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I Beat Cancer at 19 But I’m Still Fighting To Be Healthy

I beat cancer when I was 19. Well, I say “beat” but you don’t really win against cancer, it leaves all sorts of mental and physical scars. Thirty or so years later its easy to forget how my life changed and  my legacy of small health issues.

I got early treatment from a progressive surgeon who was willing to share some risk with me. We took some difficult decisions to avoid the more damaging choices and take some calculated risks about the spread of the cancer. In hindsight, they were the right choices and I avoided surgery that would have nearly crippled me and negative impacts on my life today. Compared to some people, I had what medical people call “a good outcome”.

A “good outcome” doesn’t mean fully healthy. I developed a few secondary medical problems around that time. Nothing too serious (compared to dying, at least).

One that took 10 years to diagnose is a viral infection that gets grouped into Chronic Fatigue Syndrome. If I work too hard, expend too much energy, too much stress and don’t get enough sleep then my body isn’t able to cope. Sometimes I miss the warning signs, I get fevers, exhaustion, lack of concentration.

I’m thankful to be alive. I’m thankful to not die a truly awful death through cancer eating me alive from the inside. But I’m still fighting to stay healthy, to keep living. These viral relapses remind me that I’m not dead and that science is a wonder.

I’ve had several bad weeks with exhaustion which is longer than usual recovery period. I’m not able to concentrate fully. I’m not keeping up with my schedule and commitments. I need to sleep 12 hours a day to return to health.

But I’m not dead so it’s a good outcome. I’ll keep telling myself that until I’m back to full power.

Comments

  1. You’re not dead, and you have friends. I’m learning as my life goes on just how valuable genuine friends are…one of the best outcomes.

  2. storagebod says:

    Take care…postponing schedules and commitments is better than the alternative!

  3. Thanks for sharing. There are definitely others out there that share your afflictions and journey. My wife had thyroid cancer and now battles CFS because of the hormone imbalances caused by not having a thyroid.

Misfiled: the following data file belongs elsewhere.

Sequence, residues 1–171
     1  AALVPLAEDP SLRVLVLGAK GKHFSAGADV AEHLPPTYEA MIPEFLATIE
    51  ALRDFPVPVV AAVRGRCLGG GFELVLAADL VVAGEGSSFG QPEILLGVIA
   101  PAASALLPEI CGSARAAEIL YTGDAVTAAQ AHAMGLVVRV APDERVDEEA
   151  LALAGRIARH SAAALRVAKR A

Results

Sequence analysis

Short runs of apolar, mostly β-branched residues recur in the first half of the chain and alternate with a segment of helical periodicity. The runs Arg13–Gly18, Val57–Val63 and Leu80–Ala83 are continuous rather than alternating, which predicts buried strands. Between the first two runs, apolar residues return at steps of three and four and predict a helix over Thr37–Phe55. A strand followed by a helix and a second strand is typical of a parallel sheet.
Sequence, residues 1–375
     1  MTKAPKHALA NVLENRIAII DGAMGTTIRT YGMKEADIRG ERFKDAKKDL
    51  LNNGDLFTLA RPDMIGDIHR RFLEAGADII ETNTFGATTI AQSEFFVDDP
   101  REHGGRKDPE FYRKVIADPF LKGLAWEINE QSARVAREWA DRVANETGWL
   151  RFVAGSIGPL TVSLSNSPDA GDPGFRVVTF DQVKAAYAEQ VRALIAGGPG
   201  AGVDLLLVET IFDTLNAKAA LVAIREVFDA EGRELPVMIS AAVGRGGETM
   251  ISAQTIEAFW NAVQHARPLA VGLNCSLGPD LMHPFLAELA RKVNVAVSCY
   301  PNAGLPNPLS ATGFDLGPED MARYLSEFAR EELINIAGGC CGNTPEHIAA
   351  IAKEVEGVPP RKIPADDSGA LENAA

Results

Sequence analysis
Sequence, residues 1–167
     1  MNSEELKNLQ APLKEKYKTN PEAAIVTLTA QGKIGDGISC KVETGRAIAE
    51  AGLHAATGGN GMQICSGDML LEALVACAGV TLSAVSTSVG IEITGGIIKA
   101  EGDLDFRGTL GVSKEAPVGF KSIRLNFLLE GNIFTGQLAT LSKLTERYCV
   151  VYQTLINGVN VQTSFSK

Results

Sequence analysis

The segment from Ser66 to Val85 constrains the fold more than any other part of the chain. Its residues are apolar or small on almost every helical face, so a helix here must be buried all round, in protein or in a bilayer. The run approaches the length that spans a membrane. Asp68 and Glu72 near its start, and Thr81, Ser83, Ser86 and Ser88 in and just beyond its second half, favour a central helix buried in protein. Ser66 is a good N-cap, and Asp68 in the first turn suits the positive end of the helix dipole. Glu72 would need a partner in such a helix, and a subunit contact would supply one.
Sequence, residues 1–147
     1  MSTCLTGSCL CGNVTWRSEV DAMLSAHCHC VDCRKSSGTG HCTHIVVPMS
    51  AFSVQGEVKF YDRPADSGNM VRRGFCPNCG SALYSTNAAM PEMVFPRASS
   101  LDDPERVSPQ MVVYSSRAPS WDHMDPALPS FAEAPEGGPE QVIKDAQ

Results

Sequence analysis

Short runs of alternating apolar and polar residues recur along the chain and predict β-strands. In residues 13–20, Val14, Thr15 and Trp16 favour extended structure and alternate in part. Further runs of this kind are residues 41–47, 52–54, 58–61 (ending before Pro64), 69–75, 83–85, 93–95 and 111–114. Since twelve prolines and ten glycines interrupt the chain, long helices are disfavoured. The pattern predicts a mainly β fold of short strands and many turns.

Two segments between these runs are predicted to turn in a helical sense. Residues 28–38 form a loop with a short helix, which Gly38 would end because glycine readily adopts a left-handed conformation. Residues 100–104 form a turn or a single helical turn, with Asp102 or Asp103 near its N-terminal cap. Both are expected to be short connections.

4. Waleed Aldeghaithir says:

    Your words inspired me a lot! I first knew you only by your blog and then the amazing PacketPusher was only Networking Podcast I have ever known that time.. I learned from you a lot in networking, your blog is really enthusist and motivative. I hope you keep your good posts becuase I as many enjoying them every day and every week. You are not dead Greg!
    I wish you all best in your life!
    Waleed

  5. Edward Zambrano says:

    thanks for sharing, sometimes we forget that there’s a person behind blogs with a life, problems, dreams and experiences

  6. David Fowler says:

    Greg, you’re an inspiration. Been reading your blogs and listening to the podcasts for ages. You’re right it is easy to forget – my son has CHD, whilst he’s looks and acts like normal 5 year old it is so easy to forget the task at hand and how fragile his life is.

    Best wishes to you and hope you live a long and prosperous life.

  7. darraghdelaney says:

    Fair play to you Greg. Really like your blogs, sometimes its easy to forget about the people behind the great content out there and the difficulties they may have.

  8. Conrad Britton says:

    You’re an inspiration, I really appreciate what you have done for the community, I have learnt a lot just reading your Blogs and listening to the Podcasts. Thanks Greg

  9. Deepak Ravi says:

    This is unbelievable..From your funny innuendos to networking proficiency, I would have never guessed that there must have been such a history behind you. You’re truly awesome sir!!

  10. psycic00 says:

    Respect u for all the good work you are doing.. kudos